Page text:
Monday, April 8, 2013

More Loss

Please take a moment to read Secretary Kerry's words regarding the loss of a fellow Foreign Service Officer Anne Smedinghoff in Kabul, Afghanistan:

"Yesterday, we lost a very bright and brave young woman, a young diplomat. We lost her to a horrific attack in Afghanistan. And today, our hearts are broken. Anne Smedinghoff was 25 years old, Mr. Foreign Minister, and I think that in this tragedy, there is a stark contrast for all of the world to see between two very different sets of values.
On the one hand, you have Anne, a selfless, idealistic young woman who woke up yesterday morning and set out to bring textbooks to schoolchildren, to bring them knowledge, children she had never met, to help them to be able to build a future. And Anne and those with her were attacked by Taliban terrorists who woke up that day not with a mission to educate or to help, but with a mission to destroy. A brave American was determined to brighten the light of learning through books written in the native tongue of the students that she had never met, but whom she felt compelled to help. And she was met by cowardly terrorists determined to bring darkness and death to total strangers.

These are the challenges that our citizens face, not just in Afghanistan but in many dangerous parts of the world, where a nihilism, an empty approach, is willing to take life rather than give it. What did that terrorist accomplish? What did his cowardice and his nihilism buy him? The grief of parents who now have to bury their children. It also brought the strengthened resolve of a nation, a diplomatic corps, a military, all resources determined to continue the hard work of helping people to help themselves.

So yesterday, we saw the vilest form of terrorism, but as I hope the world will have learned by now, and if it hasn’t, it will over time, America does not and will not cower before terrorism. We are going to forge on, we’re going to step up, we’re going to continue to do the work that we do to try to improve the lives of other people. We put ourselves in harm’s way because we believe in bringing hope to our brothers and sisters all over the world, knowing that we share universal human values with people all over the world of dignity, of opportunity, of progress.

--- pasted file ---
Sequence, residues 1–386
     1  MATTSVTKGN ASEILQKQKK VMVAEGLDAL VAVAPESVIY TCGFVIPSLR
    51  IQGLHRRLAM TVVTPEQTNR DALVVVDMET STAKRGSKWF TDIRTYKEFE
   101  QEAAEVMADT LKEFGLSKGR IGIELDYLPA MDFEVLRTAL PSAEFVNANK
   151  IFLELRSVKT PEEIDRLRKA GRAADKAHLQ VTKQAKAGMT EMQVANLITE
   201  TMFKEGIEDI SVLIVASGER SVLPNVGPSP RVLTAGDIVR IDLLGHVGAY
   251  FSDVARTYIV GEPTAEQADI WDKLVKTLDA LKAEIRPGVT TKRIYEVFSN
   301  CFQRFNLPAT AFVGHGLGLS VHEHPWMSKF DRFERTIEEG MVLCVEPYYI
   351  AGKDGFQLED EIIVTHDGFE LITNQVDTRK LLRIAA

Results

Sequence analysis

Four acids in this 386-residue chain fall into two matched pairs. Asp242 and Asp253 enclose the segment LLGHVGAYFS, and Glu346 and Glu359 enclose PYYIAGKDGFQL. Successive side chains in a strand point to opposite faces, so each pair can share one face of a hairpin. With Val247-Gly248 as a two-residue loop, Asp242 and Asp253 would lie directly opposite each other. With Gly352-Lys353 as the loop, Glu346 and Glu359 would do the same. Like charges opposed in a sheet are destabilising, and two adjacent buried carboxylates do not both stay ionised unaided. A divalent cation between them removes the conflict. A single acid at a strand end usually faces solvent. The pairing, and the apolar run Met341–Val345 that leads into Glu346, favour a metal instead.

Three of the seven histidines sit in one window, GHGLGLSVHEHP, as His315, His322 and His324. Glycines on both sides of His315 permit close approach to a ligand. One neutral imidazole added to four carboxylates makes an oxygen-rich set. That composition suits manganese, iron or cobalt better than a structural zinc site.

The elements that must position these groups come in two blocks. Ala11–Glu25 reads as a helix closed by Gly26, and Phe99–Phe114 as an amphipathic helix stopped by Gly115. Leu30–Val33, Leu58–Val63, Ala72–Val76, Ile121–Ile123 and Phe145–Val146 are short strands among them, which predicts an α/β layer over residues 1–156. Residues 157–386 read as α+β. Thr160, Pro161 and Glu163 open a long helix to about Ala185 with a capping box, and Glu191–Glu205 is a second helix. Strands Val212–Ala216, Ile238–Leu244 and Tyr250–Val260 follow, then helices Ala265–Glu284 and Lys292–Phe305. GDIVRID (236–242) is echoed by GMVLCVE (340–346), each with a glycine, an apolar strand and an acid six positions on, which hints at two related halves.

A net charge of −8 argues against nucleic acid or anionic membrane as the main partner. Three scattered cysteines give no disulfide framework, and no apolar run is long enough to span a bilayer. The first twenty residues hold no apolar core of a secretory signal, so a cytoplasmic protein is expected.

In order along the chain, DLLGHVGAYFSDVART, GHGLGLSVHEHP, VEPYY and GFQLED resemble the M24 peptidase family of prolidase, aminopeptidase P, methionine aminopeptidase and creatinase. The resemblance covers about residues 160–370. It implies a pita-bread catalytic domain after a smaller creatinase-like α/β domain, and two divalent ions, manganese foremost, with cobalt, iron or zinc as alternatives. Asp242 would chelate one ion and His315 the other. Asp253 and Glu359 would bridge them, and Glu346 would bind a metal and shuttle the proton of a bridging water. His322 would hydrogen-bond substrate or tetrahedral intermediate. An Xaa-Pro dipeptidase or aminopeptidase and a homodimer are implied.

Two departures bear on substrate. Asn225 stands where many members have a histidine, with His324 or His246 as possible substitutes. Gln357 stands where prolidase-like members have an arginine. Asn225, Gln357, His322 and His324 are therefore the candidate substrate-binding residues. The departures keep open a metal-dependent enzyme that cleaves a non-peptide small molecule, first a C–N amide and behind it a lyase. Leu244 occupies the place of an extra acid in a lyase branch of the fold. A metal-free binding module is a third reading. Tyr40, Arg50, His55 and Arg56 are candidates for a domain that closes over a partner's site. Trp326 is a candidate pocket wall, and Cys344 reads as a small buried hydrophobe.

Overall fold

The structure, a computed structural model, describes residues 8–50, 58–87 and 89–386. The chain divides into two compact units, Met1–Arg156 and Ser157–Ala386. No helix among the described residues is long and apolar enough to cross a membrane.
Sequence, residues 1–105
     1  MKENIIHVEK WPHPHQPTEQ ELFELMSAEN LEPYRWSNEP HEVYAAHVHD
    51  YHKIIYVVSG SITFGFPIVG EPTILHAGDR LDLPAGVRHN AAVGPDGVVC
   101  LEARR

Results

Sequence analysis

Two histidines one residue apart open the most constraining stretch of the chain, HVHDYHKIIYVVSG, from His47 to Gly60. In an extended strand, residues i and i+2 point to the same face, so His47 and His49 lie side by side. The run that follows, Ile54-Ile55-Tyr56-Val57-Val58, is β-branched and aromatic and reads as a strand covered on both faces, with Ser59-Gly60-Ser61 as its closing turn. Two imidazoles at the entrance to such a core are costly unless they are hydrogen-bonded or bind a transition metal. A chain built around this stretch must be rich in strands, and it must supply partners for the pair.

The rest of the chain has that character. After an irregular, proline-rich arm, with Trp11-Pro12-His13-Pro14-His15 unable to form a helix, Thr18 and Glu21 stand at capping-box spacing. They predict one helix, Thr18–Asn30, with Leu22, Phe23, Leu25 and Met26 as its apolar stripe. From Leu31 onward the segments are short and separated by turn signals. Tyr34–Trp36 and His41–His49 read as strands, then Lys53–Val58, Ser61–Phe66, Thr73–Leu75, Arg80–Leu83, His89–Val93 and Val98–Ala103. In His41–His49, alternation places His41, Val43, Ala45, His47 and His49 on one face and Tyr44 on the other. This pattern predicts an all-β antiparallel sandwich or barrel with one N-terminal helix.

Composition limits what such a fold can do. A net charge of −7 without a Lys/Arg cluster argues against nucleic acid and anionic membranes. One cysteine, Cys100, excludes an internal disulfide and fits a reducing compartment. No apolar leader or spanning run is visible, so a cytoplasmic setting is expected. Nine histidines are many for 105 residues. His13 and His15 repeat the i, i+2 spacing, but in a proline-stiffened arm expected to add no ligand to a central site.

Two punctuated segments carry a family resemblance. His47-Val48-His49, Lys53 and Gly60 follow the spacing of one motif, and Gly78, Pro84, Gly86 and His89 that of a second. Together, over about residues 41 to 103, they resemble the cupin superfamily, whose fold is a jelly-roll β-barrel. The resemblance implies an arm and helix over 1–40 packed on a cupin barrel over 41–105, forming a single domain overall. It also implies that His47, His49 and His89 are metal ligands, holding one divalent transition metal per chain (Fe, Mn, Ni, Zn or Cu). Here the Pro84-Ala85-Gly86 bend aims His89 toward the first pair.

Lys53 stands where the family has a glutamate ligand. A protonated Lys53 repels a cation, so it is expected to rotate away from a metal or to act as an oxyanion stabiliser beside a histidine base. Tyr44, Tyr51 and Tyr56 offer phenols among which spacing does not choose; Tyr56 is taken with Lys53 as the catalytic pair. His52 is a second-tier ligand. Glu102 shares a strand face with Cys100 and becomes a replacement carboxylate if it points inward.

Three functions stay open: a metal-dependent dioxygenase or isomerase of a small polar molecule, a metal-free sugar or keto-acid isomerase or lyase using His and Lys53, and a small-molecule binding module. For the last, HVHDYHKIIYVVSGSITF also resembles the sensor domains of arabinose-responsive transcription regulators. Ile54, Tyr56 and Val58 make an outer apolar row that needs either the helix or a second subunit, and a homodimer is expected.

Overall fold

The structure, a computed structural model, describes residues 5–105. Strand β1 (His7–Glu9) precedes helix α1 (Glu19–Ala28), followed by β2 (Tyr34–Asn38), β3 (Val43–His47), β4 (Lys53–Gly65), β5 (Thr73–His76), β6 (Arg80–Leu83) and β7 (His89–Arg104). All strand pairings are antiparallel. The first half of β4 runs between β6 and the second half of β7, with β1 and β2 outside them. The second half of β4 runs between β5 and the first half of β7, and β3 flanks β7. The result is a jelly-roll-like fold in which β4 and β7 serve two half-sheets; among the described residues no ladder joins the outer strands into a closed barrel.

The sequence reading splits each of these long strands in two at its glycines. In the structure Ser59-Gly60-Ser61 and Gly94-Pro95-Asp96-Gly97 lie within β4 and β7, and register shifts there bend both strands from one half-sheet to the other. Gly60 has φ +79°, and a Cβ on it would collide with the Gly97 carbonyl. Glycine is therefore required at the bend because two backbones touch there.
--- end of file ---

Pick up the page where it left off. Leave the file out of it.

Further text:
So it is now up to us to determine what the legacy of this tragedy will be. And where others seek to destroy, we intend to show a stronger determination in order to brighten our shared future, even when others try to darken it with violence. That was Anne’s mission when she woke up yesterday morning, and it will be ours every single day from this morning through the next as long as God gives us the ability to make that choice.

So I want to emphasize that Anne was everything that is right about our Foreign Service. She was smart and capable, committed to our country. I had the privilege of meeting her, Mr. Foreign Minister, just a few days ago. When I was in Afghanistan, she was part of my team. And she was someone who worked hard and put her life on the line so that others could live a better life. Our hearts go out to Anne’s mother and father, with whom I spoke yesterday, and to the two sisters and the brother who survive her, to her friends and colleagues at home in Chicago, in Caracas where she served her first tour of duty in the Foreign Service, and in Kabul as well as around the world. And we also express our sadness and our condolences to every member of the United States Department of State with whom I am today privileged to work and call colleagues."

This has been excerpted from his remarks to Turkish Foreign Minister, Ahmet Davutoglu.
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